Think before you click. Know who's on the other side of that instant message. What you say or do in cyberspace stays in cyberspace - for many to see, steal and use against you or your government.
The Internet, said former national intelligence director Michael McConnell, "is the soft underbelly" of the U.S. today. Speaking at a new cybersecurity exhibit at the International Spy Museum in Washington, McConnell said the Internet has "introduced a level of vulnerability that is unprecedented."
The Pentagon's computer systems are probed 360 million times a day, and one prominent power company has acknowledged that its networks see up to 70,000 scans a day, according to cybersecurity expert James Lewis.
For the most part, those probes of government and critical infrastructure networks are benign. Many, said McConnell, are a nuisance and some are crimes. But the most dangerous are probes aimed at espionage or tampering with or destroying data.
The attackers could be terrorists aiming at the U.S. culture and economy, or nation-states looking to insert malicious computer code into the electrical grid that could be activated weeks or years from now.
"We are the fat kid in the race," said Lewis. "We are the biggest target, we have the most to steal, and everybody wants to get us."
And if, for example, the U.S. gets into a conflict with China over Taiwan, "expect the lights to go out," he said.
The exhibit at the Spy Museum - "Weapons of Mass Disruption" - tries to bring that threat to life.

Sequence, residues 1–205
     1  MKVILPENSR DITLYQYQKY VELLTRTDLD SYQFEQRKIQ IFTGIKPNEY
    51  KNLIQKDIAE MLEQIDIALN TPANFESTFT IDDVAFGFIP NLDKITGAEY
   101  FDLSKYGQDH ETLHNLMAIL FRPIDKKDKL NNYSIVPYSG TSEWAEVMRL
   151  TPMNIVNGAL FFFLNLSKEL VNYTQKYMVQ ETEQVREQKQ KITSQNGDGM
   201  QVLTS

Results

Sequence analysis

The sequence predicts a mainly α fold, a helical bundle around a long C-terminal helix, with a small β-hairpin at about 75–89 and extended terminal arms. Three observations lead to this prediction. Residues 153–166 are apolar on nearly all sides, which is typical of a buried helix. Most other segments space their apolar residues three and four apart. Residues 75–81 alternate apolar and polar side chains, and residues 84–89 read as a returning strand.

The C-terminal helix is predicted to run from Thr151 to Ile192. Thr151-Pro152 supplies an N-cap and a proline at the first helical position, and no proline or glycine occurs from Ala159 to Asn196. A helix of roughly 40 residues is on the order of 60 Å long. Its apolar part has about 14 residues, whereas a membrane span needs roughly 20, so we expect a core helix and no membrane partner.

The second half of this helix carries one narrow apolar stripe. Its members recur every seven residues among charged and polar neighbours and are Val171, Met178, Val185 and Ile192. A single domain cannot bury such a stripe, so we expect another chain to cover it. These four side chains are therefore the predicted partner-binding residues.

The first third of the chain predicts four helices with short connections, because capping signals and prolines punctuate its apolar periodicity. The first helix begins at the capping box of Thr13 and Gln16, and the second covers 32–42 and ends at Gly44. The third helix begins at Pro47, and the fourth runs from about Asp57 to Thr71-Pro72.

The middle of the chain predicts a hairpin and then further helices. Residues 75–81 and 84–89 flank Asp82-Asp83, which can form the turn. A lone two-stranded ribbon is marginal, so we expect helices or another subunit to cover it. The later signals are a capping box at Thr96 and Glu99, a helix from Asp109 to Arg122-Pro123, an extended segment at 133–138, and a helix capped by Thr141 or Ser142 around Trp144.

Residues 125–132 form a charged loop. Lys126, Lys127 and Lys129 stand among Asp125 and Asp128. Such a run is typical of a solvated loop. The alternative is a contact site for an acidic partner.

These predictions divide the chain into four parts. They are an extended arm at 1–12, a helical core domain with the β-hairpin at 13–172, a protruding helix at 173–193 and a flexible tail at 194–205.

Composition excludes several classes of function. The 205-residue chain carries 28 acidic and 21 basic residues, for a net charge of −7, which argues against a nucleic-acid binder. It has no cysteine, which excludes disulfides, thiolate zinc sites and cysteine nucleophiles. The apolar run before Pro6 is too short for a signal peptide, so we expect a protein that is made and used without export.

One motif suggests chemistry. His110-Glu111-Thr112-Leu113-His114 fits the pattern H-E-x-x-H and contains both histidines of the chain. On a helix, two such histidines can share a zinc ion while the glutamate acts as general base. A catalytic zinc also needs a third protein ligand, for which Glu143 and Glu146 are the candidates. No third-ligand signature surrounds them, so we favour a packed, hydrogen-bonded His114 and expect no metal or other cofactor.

A network of neon lights zigzags across the ceiling. Along the walls computer screens light up with harrowing headlines outlining the country's digital dependence. Drinking water, sewer systems, phone lines, banks, air traffic, government systems, all depend on the electric grid, and losing them for weeks would plunge the country into the 1800s.
Suddenly, the lights go out and the room is plunged into silent darkness.
Seconds later as the sound system crackles, a video ticks off a pretend crisis: no food, no water, system shutdown.
That faux threat has become a prime concern for the government, but fully protecting the grid and other critical computer systems are problems still waiting a solution.
Federal agencies, including the Pentagon and the Department of Homeland Security, are pouring more money into hiring computer experts and protecting their networks.
But there are persistent questions about how to ensure that Internet traffic is safe without violating personal privacy.
One answer, experts said last week, is to begin a broader public dialogue about cybersecurity, making people more aware of the risks and how individuals can do their part at home and at work.
Some will find it easier than others.
Much of the younger generation has grown up online and are more likely to know about secure passwords, antivirus software and dangerous spam e-mails that look to steal identities, bank accounts and government secrets.
Older people moved into the digital universe as it began to evolve and most have not grown up thinking about how to protect themselves online.
"Detection and prevention are fast, but crime is still faster," said Phil Reitinger, director of the National Cybersecurity Center. The key, he said, "is to make sure that we're all getting the word out about not only the seriousness of the threat, but the fairly simple steps that people can take to help secure their systems and their lives and families from the threats that are out there."
In the computer world, "wash your hands" is less about tossing your keyboard into the dishwasher - although some have tried – and more about exercising caution.
Those steps include:
-using antivirus software, spam filters, parental controls and firewalls.
-regularly backing up important files to external computer drives.
-thinking twice before sending information over the Internet, particularly when using wireless or unsecured public networks.
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